Not that growth will justify these valuations. Even based on consensus 12-month forward estimates, India tops the pack on valuations. The uncertainty on the currency front is also making foreign investors anxious. Given this scenario, it is difficult to imagine that India would escape the flight of capital this time around.
What does this mean for the Indian market? In April and May 2005 when FIIs were net sellers the market did not tank as much, as mutual funds provided support with net purchases worth nearly Rs 4800 crore (Rs 48 billion). But this time despite the huge purchases by mutual funds this month, the expensive valuations have dragged the index down.
Market experts say that it may not be time to bottom fish yet since the market are still at fair valuation plus something. Slower flows and less margin of safety may mean that investors will have to wait and watch and not jump in yet.
With the markets changing track, The Smart Investor spoke to some leading technical analysts for their take on future market direction, Here's what they had to say:
Milind Karandikar, Neowave analyst
An expected correction of unexpected size began with the Sensex hitting 8,800 mark. The size of this fall took everyone by surprise, including me. It has forced the bulls to book heavy losses (especially in the F&O segment) and the analysts to announce the beginning of a bear market.
It all started with the long-term bulls, the FII's, suddenly turning bears. This sudden change of opinion always ends one pattern and begins another.
As per Neowave theory, a trend established for a long time (from May 2003) cannot reverse suddenly unless this entire trend is an expanding formation.
Also by Milind Karandikar: Sensex 18K by 2010! Here's why
Those who wish can invest for two to three month's horizon or simply stay away from market for 6 – 8 months.
Let the bears and the bulls settle their issues before the bulls take full charge again, creating an unprecedented bull run during wave G of the diametric formation.
Deepak Mohoni, managing director, www.trendwatchindia.com
Most global markets had been in a sideways range for about a week, but now all have broken out downwards from their ranges to resume their decline. We too were in a similar sideways range for six sessions, but broke out downwards from the range decisively on Thursday.
The resumption of the decline removes the possibility of an end to the intermediate downtrends, which these markets have been going through for the last few weeks.
The Sensex and the Nifty closed at two-month lows in doing so. The Sensex breached 7,835 to resume its downtrend. The levels to be crossed for an intermediate uptrend have moved up fractionally to 8,126 for the Sensex and 2,460 for the Nifty. The trigger level remains 3,579 for the CNX Midcap.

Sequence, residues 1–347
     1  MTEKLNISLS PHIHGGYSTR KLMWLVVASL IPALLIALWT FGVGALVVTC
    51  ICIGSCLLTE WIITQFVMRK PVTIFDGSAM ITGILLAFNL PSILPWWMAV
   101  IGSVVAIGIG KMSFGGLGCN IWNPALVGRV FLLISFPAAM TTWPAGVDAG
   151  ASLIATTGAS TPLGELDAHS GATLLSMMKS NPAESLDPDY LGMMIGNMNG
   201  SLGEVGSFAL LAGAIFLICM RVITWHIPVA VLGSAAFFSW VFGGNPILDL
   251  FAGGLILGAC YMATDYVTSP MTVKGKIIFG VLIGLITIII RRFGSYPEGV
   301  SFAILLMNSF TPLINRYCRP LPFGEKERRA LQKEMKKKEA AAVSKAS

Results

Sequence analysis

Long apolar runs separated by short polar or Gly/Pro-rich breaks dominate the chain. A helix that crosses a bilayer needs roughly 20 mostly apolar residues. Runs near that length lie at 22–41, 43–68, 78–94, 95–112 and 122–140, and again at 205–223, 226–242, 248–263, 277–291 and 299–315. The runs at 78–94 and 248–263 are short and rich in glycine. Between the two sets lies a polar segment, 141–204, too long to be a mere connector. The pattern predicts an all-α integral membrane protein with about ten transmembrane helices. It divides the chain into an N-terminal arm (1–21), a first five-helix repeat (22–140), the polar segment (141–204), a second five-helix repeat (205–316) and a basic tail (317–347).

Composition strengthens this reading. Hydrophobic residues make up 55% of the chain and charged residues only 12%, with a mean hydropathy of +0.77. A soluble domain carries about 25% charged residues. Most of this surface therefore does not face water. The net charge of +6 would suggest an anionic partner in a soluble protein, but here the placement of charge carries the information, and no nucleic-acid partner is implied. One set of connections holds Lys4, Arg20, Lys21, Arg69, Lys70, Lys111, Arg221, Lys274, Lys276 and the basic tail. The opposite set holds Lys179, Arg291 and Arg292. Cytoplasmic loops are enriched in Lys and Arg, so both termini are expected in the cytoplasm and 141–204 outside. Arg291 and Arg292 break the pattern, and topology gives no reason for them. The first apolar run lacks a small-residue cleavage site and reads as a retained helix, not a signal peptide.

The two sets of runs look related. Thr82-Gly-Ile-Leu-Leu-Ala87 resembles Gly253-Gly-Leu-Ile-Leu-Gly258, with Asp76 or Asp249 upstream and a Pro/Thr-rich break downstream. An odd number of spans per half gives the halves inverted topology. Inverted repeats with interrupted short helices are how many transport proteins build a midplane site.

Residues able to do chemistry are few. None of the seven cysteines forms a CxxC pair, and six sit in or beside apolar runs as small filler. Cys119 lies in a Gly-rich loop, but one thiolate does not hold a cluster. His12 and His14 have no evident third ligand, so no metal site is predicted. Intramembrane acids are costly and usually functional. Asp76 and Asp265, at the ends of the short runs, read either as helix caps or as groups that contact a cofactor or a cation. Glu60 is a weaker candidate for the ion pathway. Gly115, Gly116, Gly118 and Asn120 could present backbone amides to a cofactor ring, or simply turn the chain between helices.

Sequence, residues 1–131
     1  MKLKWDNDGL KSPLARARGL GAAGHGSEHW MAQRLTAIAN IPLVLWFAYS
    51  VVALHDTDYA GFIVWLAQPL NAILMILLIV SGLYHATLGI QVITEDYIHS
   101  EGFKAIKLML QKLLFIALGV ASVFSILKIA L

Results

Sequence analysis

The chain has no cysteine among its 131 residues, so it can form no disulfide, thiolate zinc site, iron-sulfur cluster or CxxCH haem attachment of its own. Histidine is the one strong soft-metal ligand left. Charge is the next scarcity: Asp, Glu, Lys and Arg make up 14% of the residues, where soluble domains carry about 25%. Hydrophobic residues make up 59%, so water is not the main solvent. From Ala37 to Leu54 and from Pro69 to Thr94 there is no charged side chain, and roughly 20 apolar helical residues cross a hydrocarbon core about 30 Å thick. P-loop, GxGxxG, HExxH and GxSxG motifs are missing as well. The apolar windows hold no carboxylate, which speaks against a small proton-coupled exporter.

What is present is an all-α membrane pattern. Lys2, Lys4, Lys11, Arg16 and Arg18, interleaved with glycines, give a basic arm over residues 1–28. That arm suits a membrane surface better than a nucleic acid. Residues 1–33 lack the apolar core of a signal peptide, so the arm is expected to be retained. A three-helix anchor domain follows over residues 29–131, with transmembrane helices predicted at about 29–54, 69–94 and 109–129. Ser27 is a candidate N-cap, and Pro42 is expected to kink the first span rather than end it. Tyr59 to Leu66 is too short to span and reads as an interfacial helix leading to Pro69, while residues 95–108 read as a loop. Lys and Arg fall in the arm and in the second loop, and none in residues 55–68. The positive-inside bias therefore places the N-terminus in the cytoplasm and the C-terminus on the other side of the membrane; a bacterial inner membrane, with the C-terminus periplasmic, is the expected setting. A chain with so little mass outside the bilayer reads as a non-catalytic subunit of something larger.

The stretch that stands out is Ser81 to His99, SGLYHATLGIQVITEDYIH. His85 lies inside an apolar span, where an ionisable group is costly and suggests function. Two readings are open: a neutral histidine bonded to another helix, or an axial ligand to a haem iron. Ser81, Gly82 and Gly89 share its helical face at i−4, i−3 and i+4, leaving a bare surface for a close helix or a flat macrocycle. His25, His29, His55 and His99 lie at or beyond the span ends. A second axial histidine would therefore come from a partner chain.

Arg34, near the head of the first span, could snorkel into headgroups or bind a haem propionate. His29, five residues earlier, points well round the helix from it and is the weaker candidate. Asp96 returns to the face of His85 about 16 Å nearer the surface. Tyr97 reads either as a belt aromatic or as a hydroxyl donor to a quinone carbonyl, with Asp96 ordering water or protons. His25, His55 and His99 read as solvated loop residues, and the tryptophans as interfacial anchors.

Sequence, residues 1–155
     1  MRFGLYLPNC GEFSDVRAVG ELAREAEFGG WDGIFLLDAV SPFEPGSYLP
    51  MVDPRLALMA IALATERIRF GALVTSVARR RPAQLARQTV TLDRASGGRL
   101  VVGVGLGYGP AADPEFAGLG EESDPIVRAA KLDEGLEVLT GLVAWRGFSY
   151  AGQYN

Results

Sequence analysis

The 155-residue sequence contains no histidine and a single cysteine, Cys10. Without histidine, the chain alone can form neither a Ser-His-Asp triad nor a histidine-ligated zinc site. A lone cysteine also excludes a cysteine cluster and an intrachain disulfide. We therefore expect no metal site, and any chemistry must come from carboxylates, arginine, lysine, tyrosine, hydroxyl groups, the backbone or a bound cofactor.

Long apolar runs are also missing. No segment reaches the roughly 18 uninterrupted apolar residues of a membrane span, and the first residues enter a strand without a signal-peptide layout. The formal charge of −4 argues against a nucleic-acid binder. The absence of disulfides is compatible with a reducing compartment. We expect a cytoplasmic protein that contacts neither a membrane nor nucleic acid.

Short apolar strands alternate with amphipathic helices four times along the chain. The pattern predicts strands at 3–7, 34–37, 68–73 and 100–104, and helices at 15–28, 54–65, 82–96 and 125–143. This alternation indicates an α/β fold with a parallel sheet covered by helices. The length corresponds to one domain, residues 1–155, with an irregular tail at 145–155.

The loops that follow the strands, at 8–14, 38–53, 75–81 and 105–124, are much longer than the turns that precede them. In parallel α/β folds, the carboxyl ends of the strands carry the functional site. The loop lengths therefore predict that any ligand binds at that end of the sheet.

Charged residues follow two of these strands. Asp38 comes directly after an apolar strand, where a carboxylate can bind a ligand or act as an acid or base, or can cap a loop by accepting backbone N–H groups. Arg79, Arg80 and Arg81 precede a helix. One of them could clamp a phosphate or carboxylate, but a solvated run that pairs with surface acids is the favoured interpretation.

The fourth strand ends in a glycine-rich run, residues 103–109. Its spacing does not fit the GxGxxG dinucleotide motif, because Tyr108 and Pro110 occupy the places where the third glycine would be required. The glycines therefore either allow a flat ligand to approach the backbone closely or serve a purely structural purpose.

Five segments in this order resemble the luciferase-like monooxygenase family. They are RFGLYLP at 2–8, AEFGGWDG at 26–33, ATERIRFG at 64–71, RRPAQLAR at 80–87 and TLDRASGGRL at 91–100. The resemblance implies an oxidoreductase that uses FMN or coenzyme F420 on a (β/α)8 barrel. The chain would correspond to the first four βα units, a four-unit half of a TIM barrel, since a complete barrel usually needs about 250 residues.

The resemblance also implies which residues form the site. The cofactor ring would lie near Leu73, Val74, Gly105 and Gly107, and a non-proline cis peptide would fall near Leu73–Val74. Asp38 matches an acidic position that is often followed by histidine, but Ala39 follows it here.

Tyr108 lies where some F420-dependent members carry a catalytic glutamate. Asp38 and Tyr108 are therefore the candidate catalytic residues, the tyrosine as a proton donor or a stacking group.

The Sensex, Nifty and CNX Midcap have been in long-term (major) uptrends since May 17, 2004, making the bull market 17 months old. However, there has been a persistent increase in the number of individual major downtrends recently, and this is a clear bear market threat.
Many mid-caps' major trends had already turned down in September. The market's major trend would turn down (signalling a bear market) if the Sensex were to fall below its last intermediate bottom at 7,537. The figure for the Nifty is 2,300 and that for the NSE Midcap 3,054. All the indices continue to remain in intermediate downtrends, and most global markets are also in one.An intermediate downtrend has been on since October 5 (T-8) for all the indices. The downtrend is thus two weeks old. An intermediate uptrend could develop if the global rally persists.
Devangshu Dutta, Technical analyst
The current pattern is clearly an intermediate downtrend. It has lasted around three weeks and could last for another two months. Volumes after Diwali tend to be weak because, 1) operators take their annual holiday 2) FII fund managers pull back and book profits with a view to year-ending bonuses. Without high volumes, we can't expect a dramatic recovery.
Retracement time: Let's assume that volumes remain low until January 2006 – there will be no recovery until volumes improve substantially.
*Fibonacci time-calculations suggest a trend-reversal in late December. This could be either a clear reversal of the long-term trend or a turnaround from a major market bottom, followed by a renewed bull run.
Retracement levels: On the downside, Fibonacci retracement calculations suggest that the market may bottom at about 2200 Nifty. This conclusion is reinforced by the value of the 200 DMA, which is 2188 (simple) and 2220 (exponential) and straddles the Fibonacci calculations.
It is also reinforced by a simple trendline projection connecting the bottoms of May 2004 and April 2005 on a weekly chart. This line is running at roughly 30 degrees and it will be somewhere around 2230 in late December - early January. That's where we expect a bottom to this trend.
The above calculations are based on one big assumption: the bull market will remain alive. If the above trendline and the 200 DMA are broken, then there's going to be a new bear market in 2006.
If the market does turnaround from 2200-odd in January 2006 (or December 2005), then 2006 will see a resumption of a strongly bullish trend. However the market would have to climb past continuous resistance to surmount its all time record of 2669.
We've had 16 bullish months since May 2004 - this is about par in terms of time for an Indian bull market. Prices have moved up 106 per centin those 16 months, which is also reasonable in terms of the normal return from an Indian bull market. A three-month correction that knocks off 18 per cent would also be reasonable and this breather may refresh the bullish sentiment in 2006.
*External link: The Fibonacci Numbers